Lee Tat Development Pte Ltd v Management Corporation Strata Title Plan No 301

JurisdictionSingapore
CourtHigh Court (Singapore)
JudgeKannan Ramesh J
Subject MatterTrespass,Malicious prosecution,Land,Abuse of process,Malicious falsehood,Issue estoppel,Res judicata,Tort
Docket NumberSuit No 1087 of 2012
Plaintiff CounselChelva R Rajah SC, Tham Lijing and Stephanie Tan (instructed counsel) (Tan Rajah & Cheah) and Balasubramaniam Ernest Yogarajah (Unilegal LLC)
Defendant CounselTan Chee Meng SC, Sngeeta Rai and Ngiam Heng Hui Jocelyn (WongPartnership LLP)
Date26 May 2017
Published date24 August 2018
Hearing Date25 May 2016,21 April 2016,19 April 2016,03 August 2016,28 September 2016,14 April 2016,03 June 2016,29 April 2016,09 September 2016,13 April 2016,23 September 2016,27 May 2016,12 April 2016,15 April 2016
Kannan Ramesh J: Introduction

Suit No 1087 of 2012 (“the Suit”) is the latest spar in a long-running legal saga between Lee Tat Development Pte Ltd (“Lee Tat”) and the management corporation of a condominium development known as Grange Heights (“the MCST”), regarding the use by the subsidiary proprietors of Grange Heights of a narrow strip of land which both the MCST and Lee Tat claimed they were entitled to use. Lee Tat in particular sought to exclude the use of the strip of land by the subsidiary proprietors. The dispute went on for over 30 years, the parties jousting with each other over five sets of proceedings (all of which were appealed to the Court of Appeal), and was eventually decided in Lee Tat’s favour by the Court of Appeal in 2008 (and affirmed in 2010). In its judgment in Lee Tat Development Pte Ltd v Management Corporation Strata Title Plan No 301 [2009] 1 SLR(R) 875 (“Grange Heights (No 3) (CA)”), the Court of Appeal expressed the hope (at [16]) that that would be the final chapter in the fractious and fractured relationship between the parties. Unfortunately, those words were in vain, falling on deaf ears. Lee Tat has now ironically brought the Suit on the back of the Court of Appeal’s judgment in the fifth set of proceedings, suing the MCST in four causes of action: abuse of process, malicious prosecution, malicious falsehood and trespass.

Lee Tat essentially asserted that the MCST’s commencement of the earlier proceedings had been done for an improper or collateral purpose and without reasonable and probable cause. It also alleged that two statements previously made by the MCST’s Chairman and its property agent in 1997 and 2007 respectively, to the effect that the MCST enjoyed a right of way over the strip of land in question, constituted malicious falsehoods. Finally Lee Tat alleged that the residents of Grange Heights (“the Grange Heights residents”) had committed trespass by regularly traversing the strip of land before the Court of Appeal decided in 2008 that they had no right of way over it.

Background to the dispute

To appreciate the legal issues arising in the Suit, it is necessary to set out in some detail both the factual history of the parties’ dispute as well as the litigation that preceded the Suit.

The dispute concerns a cluster of five lots in Town Sub-Division 21, nestled between Grange Road and St Thomas Walk: Lot 111-30, Lot 111-31, Lot 111-32, Lot 111-33 and Lot 687 (itself an amalgamation of what were previously two lots, viz, Lot 111-34 and Lot 561). Lot 111-31, which is at the centre of the dispute, is a long, narrow and irregular strip of land with an area of around 883.4m2. A diagram of these lots is included at Annex 1, from which it will be seen that only Lots 111-30, 111-31 and 111-32 sit along Grange Road. Lot 111-31 snakes away from Grange Road and meets Lot 687, which is bordered on the far side by St Thomas Walk and River Valley Grove.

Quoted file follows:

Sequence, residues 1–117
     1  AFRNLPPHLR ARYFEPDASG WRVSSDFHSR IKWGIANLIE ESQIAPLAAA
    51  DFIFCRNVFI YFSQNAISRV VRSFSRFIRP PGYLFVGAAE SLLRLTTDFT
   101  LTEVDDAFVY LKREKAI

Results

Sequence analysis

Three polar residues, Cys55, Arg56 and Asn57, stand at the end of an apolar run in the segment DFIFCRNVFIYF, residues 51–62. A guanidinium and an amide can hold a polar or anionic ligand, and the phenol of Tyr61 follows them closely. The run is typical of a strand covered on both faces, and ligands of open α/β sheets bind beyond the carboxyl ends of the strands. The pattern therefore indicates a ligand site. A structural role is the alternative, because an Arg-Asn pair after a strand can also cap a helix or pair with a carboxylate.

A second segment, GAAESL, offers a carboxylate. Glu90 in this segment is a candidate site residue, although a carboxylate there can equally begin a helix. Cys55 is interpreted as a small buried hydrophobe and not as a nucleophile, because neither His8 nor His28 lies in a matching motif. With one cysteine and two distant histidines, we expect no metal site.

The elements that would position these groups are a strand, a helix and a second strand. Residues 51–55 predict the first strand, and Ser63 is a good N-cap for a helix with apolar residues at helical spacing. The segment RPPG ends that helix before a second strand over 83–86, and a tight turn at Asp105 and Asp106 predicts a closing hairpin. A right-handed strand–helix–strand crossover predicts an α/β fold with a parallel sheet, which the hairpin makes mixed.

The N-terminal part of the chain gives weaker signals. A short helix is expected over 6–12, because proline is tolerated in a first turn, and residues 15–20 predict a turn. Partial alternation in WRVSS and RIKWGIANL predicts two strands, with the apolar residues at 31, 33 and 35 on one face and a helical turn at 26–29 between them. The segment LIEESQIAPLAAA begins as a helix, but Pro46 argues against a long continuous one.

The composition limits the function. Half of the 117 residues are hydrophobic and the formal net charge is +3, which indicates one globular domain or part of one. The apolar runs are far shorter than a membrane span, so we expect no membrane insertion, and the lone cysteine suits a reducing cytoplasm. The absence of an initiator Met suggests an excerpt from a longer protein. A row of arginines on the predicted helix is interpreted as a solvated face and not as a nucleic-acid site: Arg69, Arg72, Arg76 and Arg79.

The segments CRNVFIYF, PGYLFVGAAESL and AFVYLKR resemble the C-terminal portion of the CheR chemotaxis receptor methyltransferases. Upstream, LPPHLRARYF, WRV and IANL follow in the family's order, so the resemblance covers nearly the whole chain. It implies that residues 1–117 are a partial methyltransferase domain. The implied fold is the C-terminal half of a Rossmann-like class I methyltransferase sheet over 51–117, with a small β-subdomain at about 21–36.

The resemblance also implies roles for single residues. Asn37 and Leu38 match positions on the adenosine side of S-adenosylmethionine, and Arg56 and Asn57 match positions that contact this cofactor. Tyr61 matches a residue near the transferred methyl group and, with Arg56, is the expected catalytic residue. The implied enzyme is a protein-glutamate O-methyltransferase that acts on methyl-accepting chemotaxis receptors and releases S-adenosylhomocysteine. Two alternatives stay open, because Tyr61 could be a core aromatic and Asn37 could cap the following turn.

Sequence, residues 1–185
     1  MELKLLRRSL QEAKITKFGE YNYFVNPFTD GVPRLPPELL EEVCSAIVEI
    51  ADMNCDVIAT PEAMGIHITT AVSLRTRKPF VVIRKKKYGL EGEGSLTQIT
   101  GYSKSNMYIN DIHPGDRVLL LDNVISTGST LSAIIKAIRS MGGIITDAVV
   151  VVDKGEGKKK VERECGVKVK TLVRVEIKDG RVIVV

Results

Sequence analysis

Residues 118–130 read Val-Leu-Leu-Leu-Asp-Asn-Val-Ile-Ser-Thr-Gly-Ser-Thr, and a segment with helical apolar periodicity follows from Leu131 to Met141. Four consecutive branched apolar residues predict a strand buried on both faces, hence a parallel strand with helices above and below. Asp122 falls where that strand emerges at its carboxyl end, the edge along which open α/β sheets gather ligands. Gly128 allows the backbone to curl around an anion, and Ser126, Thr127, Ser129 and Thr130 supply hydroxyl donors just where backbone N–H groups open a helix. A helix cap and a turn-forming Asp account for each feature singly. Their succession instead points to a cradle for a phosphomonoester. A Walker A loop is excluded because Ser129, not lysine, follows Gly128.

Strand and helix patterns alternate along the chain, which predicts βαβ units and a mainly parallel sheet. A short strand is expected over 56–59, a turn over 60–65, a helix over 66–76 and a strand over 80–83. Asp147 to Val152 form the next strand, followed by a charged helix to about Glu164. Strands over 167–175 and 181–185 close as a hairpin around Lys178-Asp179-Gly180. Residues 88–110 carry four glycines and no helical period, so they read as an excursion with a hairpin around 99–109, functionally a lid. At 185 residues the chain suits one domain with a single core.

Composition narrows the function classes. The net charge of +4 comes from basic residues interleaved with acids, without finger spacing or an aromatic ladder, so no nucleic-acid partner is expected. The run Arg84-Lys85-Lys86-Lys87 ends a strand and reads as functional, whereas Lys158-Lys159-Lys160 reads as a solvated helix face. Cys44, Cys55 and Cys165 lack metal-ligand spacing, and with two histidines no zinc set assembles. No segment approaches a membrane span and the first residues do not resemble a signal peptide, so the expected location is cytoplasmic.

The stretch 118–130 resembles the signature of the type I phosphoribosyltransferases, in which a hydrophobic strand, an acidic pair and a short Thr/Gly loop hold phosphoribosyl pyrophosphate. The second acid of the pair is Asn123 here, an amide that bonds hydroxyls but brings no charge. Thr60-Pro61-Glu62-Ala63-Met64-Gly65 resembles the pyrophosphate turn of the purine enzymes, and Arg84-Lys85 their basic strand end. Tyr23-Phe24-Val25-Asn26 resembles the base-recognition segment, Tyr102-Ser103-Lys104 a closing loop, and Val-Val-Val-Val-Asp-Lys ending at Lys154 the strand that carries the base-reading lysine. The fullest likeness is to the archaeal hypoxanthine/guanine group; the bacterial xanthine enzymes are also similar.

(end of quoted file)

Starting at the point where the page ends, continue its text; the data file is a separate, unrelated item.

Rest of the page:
The key changes in the ownership of these lots over time are summarised in a diagram at Annex 2. Lots 111-30, 111-31, 111-32, 111-33 and 111-34 were originally owned by a company, Mutual Trading Ltd. In 1919, Mutual Trading Ltd (which was then in liquidation) sold four of the five lots, Lots 111-30, 111-32, 111-33 and 111-34 (“the Dominant Tenements”), and granted a right of way over Lot 111-31 (“the Servient Tenement”) to the purchasers of the four lots on the following terms:

And together with full and free right and liberty for the Purchaser his executors administrators and assigns being the owner or owners for the time being of the land hereby conveyed or any part thereof and their tenants and servants and all other persons authorised by him or them in common with others having a similar right from time to time and at all times hereafter at his and their will and pleasure to pass and repass with or without animals and vehicles, in along and over the Reserve for Road coloured yellow in the said plan [ie, Lot 111–31].

Consequently, Lot 111-34 enjoyed a right of way over the Servient Tenement. This allowed the owners of Lot 111-34 access to Grange Road. This is significant for reasons which will later become apparent.

In 1970, Hong Leong Holdings Ltd (“HLH”), the predecessor in title of the MCST, became the owner of Lot 111-34 as well as the adjacent Lot 561. HLH amalgamated the two into one lot, which was titled Lot 687, in order to develop a condominium (ie, Grange Heights). For ease of discussion, the two plots of land which were amalgamated will continue to be referred to as Lots 111-34 and 561 in this judgment even though they have been merged to form Lot 687. As it turned out, the act of amalgamating Lot 111-34 with Lot 561 was a matter of significance to the continued existence of the easement over the Servient Tenement.